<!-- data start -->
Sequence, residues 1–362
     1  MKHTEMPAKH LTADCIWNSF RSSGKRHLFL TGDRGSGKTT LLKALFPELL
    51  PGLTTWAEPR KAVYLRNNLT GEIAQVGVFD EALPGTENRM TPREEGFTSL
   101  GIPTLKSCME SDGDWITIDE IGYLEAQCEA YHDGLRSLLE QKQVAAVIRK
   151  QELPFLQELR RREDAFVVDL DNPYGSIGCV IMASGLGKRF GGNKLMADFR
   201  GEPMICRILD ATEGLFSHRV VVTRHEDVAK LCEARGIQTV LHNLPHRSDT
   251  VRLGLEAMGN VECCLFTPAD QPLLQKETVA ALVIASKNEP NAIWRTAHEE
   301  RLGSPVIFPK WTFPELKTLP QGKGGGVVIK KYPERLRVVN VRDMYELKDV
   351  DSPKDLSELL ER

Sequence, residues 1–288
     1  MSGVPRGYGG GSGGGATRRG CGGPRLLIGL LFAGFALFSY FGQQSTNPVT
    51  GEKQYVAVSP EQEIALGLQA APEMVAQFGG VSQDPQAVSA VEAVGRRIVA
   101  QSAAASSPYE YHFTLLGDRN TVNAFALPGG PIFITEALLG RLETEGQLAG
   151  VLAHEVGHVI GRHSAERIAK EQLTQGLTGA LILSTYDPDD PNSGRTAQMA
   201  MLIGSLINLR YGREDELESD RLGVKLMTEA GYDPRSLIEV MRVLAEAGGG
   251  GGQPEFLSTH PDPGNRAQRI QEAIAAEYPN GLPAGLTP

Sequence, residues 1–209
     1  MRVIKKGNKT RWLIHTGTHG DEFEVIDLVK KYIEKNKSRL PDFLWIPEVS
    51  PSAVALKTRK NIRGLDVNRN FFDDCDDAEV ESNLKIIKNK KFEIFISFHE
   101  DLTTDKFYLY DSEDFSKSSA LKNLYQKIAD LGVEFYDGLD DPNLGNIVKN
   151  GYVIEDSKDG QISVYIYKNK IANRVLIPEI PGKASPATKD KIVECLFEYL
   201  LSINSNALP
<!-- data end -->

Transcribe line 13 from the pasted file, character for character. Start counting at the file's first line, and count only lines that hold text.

   101  QSAAASSPYE YHFTLLGDRN TVNAFALPGG PIFITEALLG RLETEGQLAG